25 June 2016

The Explainer: Interest Rates

The RBI Governor, Dr Raghuram Govind Rajan, is on his way out. He deserves a lot of credit for bringing inflation under control and focusing on the massive non-performing assets (NPAs) of public sector banks.

Various quarters (like the finance ministry, industry, home-owners) have pilloried him for ignoring their demands to cut interest rates. In fact, this particular action has drawn the ire of many (like Dr Subramanian Swamy) who accuse him of sabotaging the Indian economy by deliberately keeping the interest rates at a higher level.

In this context, this short Explainer will focus on Interest Rates. 

What is Bank Rate?
This is the rate of interest charged by the Reserve Bank of India (RBI) on long term loans made to the commercial banks (like State Bank of India).

What is Repo Rate?
This is the rate of interest charged by the Reserve Bank of India (RBI) on short term loans made to the commercial banks.

What is Reverse Repo Rate?
This is the rate of interest charged by the commercial banks on short term loans made to the RBI. 

The Central Government has been nudging the RBI, albeit unsuccessfully, to cut interest rates. In this context, it should be understood the Central Government wants the Repo Rate to be reduced. Why?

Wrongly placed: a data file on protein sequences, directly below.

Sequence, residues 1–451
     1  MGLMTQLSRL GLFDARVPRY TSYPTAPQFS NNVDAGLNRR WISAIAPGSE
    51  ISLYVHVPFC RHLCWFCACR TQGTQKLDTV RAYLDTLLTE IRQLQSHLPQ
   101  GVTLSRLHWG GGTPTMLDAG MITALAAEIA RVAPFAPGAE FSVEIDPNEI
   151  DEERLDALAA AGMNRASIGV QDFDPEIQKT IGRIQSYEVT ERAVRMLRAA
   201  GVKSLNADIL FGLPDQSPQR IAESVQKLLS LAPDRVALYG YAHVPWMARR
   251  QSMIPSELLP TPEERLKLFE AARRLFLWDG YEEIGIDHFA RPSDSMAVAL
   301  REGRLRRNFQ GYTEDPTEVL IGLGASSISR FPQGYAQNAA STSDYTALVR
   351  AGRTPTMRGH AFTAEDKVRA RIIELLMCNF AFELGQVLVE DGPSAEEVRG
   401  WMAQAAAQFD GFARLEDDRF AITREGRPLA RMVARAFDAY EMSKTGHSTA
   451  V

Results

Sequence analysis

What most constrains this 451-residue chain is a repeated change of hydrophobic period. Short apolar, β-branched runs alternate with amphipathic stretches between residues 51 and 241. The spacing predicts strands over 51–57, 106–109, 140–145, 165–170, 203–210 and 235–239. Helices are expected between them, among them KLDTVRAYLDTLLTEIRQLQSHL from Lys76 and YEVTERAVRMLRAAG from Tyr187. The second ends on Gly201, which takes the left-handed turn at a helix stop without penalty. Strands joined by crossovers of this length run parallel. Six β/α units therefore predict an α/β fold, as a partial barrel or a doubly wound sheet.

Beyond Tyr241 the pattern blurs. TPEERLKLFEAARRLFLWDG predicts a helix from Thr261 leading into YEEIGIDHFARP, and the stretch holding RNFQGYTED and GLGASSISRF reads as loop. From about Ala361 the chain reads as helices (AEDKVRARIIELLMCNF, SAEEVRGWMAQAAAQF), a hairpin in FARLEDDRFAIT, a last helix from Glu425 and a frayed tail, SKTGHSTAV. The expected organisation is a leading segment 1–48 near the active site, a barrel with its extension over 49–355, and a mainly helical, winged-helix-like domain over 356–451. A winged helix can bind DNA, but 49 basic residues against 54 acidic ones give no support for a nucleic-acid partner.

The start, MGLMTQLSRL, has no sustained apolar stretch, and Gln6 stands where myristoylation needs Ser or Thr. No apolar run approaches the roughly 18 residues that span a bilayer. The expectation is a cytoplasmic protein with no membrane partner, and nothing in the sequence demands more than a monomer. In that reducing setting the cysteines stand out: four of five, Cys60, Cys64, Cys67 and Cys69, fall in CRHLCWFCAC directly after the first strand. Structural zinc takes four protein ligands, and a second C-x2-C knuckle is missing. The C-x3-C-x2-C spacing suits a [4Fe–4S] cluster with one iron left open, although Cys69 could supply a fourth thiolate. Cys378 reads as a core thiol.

A reduction in Repo Rate would mean that the commercial banks would have to pay a lower rate of interest on money borrowed from the RBI. The commercial banks could pass on this benefit to commercial borrowers (like us); this would lead to a fall in the rate of interest paid by us to banks (on loans). Thus loans become cheaper, meaning borrowing becomes less burdensome and thus more attractive. 

How does that help me as an individual? 
As an individual, the interest you pay on a loan (of any kind) will come down; consequently, you will save more and may use that (saved) money in either further savings or buy some stuff (like consumer durables). This in turn will spur demand for goods and services. 
Does this help business? Now, if you are a businessperson, you could borrow more (at a lower rate of interest) and invest more in the business. As you invest in higher production capacity, you employ more people - this leads to higher job generation - translating into higher demand for goods and services, which in turn pushes up industrial production. As you see, this is a virtuous cycle.

In short, lower interest rates push up economic output, leading to higher economic growth. 

1 comment:

Anonymous said...

Then why didn't Mr. Raghuram Rajan help RBI bring down its interest rates when he knew that it could do so much good to the indian economy? Is there any strong reason?